In 1916, the Government began to issue War Bonds as a way of raising money. Since the 1st World War, National Savings campaigns have invited the public to invest in War Bonds and related products. The result has been a range of attractive posters, often by the best commercial artists.


Julian the Tank Bank (Tank No.113) - he was given to Aberdeen at the end of the 1st World War - sited at the Broadhill and remained there until 1940 when it was taken taken for WW2 Scrap.  An area of town around the Castlegate where Julian was stood in 1918 is still known as "the tank" site,  £2 million was raised in a week in Aberdeen by Julian over 16 Guineas per head from the ever canny and frugal Aberdonian Population The incentive was that the City that invested in the most War Bonds got to keep Julian the Tank Bank.

There is a record of the `Tank Bank' tour through Scotland designed to raise money for the 1st World War through the issuing of War Bonds. Charged with raising money for the war, the Scottish War Savings Committee initiated a ‘Tank Bank’ campaign which, though carried out at home, would become one of the most successful tank operations of the entire war.  A Scottish Regiment followed on Parade, a Tank No. 113 and referred to as `Julian' is active in the background demonstrating its capabilities by crossing barbed wire fence, a mound, a ditch and a wall Tank Bank Week in Aberdeen was a great success. Crowds in Rosemount Viaduct and Union Terrace clamoured to attend Julian while dominated by the large statue of William Wallace.  The Tank also gave a  demonstration in the Castlegate.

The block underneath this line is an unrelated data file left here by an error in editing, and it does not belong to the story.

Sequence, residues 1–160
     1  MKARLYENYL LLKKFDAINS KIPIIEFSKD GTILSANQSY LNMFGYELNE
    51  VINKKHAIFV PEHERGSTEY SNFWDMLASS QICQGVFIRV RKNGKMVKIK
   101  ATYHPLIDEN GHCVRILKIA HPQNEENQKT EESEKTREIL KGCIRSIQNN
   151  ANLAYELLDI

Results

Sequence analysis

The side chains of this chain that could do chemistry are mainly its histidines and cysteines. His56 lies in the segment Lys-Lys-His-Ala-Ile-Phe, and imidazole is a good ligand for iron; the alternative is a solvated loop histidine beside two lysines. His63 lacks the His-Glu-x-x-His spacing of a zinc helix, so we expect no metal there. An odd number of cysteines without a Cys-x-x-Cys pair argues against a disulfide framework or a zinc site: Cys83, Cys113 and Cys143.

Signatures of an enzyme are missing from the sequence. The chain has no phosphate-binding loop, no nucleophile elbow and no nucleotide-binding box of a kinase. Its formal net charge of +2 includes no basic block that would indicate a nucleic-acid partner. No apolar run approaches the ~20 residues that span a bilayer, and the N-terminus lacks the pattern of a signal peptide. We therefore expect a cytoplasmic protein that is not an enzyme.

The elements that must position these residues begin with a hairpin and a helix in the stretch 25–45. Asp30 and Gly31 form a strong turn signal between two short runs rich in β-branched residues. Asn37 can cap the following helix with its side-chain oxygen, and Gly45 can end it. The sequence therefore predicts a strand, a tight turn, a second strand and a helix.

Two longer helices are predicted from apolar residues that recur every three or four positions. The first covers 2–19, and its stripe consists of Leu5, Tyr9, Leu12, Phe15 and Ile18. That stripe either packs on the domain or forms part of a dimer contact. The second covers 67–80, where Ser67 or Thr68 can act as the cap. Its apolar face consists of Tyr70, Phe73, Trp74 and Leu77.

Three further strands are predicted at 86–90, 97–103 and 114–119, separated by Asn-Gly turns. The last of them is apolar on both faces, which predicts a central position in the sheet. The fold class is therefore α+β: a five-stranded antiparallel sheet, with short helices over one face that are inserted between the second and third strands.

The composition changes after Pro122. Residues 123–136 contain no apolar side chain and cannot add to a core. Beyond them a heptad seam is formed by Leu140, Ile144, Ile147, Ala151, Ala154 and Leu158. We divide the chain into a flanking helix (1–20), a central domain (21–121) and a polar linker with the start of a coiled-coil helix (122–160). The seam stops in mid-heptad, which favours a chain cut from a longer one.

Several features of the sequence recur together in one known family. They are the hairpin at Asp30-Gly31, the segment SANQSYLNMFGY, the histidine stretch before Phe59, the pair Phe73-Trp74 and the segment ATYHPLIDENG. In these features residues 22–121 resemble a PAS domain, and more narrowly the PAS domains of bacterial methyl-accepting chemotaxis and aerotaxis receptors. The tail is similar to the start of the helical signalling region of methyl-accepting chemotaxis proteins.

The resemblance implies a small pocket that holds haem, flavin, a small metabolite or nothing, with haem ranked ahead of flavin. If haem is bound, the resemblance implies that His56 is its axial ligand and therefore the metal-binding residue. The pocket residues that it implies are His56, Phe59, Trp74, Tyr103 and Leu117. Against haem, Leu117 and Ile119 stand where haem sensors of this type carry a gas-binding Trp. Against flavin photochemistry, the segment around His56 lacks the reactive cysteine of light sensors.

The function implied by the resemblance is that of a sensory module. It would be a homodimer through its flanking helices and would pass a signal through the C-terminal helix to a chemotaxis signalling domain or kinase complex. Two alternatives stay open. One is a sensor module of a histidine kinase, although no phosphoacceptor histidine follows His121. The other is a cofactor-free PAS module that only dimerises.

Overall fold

A Tank would arrive for a week with great fanfare, Civic Dignitaries and Local Celebrities would greet the Tank and speeches would often be made atop it.  The tank would be accompanied by soldiers and artillery guns, sometimes an aeroplane would drop pamphlets over the Town or City prior to the Tank's appearance exhorting the people to invest. The Tank would usually put on a show for the crowds in order to demonstrate its capabilities.  The visited town or city would have a fund raising target it tried to meet, the amount raised by each location would be reported in the National Press thus ensuring a strong competitive element, especially between the larger Industrial Cities